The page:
A new report by Consumers International, the world federation of consumer watchdogs, says thousands of obsolete computers, televisions and other household consumer electronics are disposed of in West Africa every month. The group says the practice is creating toxic dumps and contravenes international legislation that forbids it. Tendai Maphosa has more in this report from London.
The Organization for Economic Co-operation and Development countries agreed to a law that aims to stop the flow of electronic waste from being dumped in Africa and Asia. But Consumer International's Luke Upchurch says this has not stopped the dumping of end-of-life electronics in what he described as large swathes of the developing world.
Consumers International carried out investigations in Nigeria and Ghana.
"We could have looked at other areas of the world but I think for us West Africa is an area which often falls foul of such unscrupulous behavior and its something which we wanted to highlight," Upchurch said.
The report says of the hundreds of tons of obsolete computers, televisions and other household consumer electronics that arrive at ports in Ghana and Nigeria every month, as few as one in four of the imports are working. The rest, it says, are electronic waste, also known as e-waste, which often ends up on dumpsites.
Upchurch says the appliances are sent legally as working second-hand-use units even when the exporters are aware they are not working.
The arrival of flat-screen televisions and Thin Film Transistor monitors on consumer markets in the America and in Europe has set off a flood of old cathode-ray tube television sets spilling into Africa. In Accra and in Lagos, the report says, the change in European consumer habits is clearly visible as old-fashioned CRT television sets are lined up along the streets by their thousands.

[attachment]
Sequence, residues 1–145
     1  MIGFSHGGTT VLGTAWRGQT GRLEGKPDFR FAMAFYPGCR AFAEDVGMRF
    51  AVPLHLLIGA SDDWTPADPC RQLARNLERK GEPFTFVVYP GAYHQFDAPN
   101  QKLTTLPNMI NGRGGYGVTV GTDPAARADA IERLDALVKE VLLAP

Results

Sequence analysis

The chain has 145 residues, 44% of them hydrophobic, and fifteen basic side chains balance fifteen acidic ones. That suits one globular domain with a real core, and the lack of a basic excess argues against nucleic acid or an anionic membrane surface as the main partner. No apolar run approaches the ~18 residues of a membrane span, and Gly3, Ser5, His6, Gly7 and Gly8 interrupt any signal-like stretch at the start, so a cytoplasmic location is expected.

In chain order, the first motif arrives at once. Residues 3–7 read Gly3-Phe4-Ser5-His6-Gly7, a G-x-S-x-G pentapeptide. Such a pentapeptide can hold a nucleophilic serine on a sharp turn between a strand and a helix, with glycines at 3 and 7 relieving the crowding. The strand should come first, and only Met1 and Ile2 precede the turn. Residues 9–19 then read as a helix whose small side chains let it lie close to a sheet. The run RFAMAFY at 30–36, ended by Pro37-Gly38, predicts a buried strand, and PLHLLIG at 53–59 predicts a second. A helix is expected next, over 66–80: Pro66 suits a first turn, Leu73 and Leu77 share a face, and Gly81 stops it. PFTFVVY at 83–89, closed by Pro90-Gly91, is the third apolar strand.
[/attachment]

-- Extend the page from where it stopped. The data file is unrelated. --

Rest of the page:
In West Africa, refuse is often disposed of in fires. Waste collectors, mostly children, destroy the cathode ray tubes, and burn the wires and circuit boards inside, to get to metals such as copper, zinc, gold and other toxic materials, which they then sell.
Upchurch says this practice has a negative impact on the health of the waste collectors. He says respiratory illnesses are common in the areas and the toxins also find their way into water supplies.
"There are a lot of poisonous heavy toxic metals within the componentries of computers," he said. "The health repercussions of burning the plastics and the toxics are having quite an effect on the health of the children in the area."
The report urges tougher monitoring in exporting countries to ensure donated electronic goods are in working order when sent to developing countries.
Consumers International says obsolete electrical equipment should be disposed of or recycled in the country of origin, using environmentally sustainable methods as laid down by laws the countries have agreed to. Upchurch says 6.6 million tons of e-waste disappear to developing countries each year.